Some people had trouble with my original posting of this so I
am having another go.
BROWN QUAIL; IDENTIFICATION & REPRESENTATION.
An incident which occurred on
Saturday 12 May 2001, revealed shortcomings in the literature regarding Brown
Quail that could have led to an embarrassing mistake.
On our regular monthly survey in April we
recorded a new species for the Edithvale Wetlands southeast of Melbourne --
Brown Quail. This species is rare in the district and I had not seen one here
nor anywhere nearby in 38 years of birding. On that occasion we saw a pair. One
was flushed and another glimpsed running along an overgrown track. Not brilliant
views, but good enough we thought arrogantly, to claim the sighting.
On reaching the same patch of rank
vegetation, my companion advised that he could see a quail in the wheel rut
ahead, but that it was a Stubble Quail! Significantly the upper parts were
boldly streaked with white and there were stripes on the head. Alarm bells rang
and I could see an embarrassing retraction looming. The bird was squatting in
the track facing half away from us. Close examination of the plumage revealed
that on the shoulders, adjacent to each prominent white shaft streak, was a
black triangle. Eventually the bird moved a little revealing bold brown barring
on the flanks diagnostic of Brown Quail! Later, we learned that it is the
females who have the bold shaft streaks like those of Stubble Quail.
A check of illustrations in the literature
again highlighted the need to own and study an extensive library.
The Simpson & Day field-guide,
normally my favourite regarding illustrations, was no help and very misleading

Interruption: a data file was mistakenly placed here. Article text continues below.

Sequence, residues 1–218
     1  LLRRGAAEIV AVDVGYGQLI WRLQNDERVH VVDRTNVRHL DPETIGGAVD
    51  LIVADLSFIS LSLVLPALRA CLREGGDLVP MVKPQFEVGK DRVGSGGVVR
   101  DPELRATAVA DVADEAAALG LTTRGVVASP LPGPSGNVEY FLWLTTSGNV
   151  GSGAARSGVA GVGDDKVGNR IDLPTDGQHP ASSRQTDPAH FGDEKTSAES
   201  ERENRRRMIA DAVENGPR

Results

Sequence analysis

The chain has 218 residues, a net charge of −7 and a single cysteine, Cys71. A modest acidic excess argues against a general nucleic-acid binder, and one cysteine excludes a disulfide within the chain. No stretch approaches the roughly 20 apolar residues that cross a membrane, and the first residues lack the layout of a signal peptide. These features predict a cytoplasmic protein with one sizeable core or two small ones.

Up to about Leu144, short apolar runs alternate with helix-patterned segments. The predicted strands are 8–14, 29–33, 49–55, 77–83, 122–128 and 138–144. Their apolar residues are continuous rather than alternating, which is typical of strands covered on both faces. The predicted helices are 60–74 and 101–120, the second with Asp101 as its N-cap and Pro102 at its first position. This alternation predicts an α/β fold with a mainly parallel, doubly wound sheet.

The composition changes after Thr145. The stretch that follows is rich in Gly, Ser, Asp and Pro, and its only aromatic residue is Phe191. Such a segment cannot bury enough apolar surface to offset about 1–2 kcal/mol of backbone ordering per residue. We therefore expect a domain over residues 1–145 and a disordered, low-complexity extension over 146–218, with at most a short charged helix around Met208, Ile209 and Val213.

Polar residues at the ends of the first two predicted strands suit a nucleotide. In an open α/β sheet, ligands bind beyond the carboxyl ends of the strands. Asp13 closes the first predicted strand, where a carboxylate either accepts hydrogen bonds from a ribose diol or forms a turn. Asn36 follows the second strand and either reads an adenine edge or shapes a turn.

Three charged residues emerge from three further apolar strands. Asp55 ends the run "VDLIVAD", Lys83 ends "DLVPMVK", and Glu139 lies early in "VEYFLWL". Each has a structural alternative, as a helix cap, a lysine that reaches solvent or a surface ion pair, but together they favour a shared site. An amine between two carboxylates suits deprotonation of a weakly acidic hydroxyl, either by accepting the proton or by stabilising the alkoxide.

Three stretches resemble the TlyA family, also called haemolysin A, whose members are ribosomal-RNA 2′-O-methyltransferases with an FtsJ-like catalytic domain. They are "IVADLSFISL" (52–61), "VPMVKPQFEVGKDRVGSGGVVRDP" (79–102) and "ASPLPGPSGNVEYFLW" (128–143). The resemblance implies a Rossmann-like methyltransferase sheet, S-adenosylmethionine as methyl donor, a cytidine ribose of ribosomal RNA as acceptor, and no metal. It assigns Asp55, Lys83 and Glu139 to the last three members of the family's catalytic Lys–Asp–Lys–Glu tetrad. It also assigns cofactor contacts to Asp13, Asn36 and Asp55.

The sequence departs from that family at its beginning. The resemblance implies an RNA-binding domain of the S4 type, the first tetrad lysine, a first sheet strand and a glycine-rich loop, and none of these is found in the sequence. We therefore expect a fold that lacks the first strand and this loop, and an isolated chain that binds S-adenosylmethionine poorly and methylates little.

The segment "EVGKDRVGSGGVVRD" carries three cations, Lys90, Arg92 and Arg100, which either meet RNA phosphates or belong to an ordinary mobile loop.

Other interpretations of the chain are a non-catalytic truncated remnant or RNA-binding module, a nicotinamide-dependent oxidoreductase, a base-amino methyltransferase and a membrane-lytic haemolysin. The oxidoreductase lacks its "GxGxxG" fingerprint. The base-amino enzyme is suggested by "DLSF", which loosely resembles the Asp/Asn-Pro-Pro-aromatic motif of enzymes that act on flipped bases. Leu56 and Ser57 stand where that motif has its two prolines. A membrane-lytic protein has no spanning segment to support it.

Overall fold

with no indication that a Brown Quail could ever look like the bird we’d seen.
Only one bird, a male, is illustrated. The illustration of a female in Pizzey
& Knight is better but the pale shaft streaks are too obscure and the bird
is generally too pallid. HANZAB was disappointing in that the shaft streaks in
the painting of the female are insufficiently bold, the head streaks too obscure
and the breast too heavily patterned. The picture in the Slater field guide was
by far the best likeness but our bird was rather darker.
The volume “Birds of Prey &
Ground Birds” in the National Photographic Index series has a photograph of a
Brown Quail on a nest. Our bird was similar to this in the boldness of the pale
shaft streaks but the black spot on the inner web adjacent to the shaft was
restricted to the shoulder area rather than being generally distributed over the
whole dorsal surface.
As with many birds, this species is
apparently so variable that many illustrations are required to cover all morphs.
These may be covered in the texts but the quickest aid to identification is a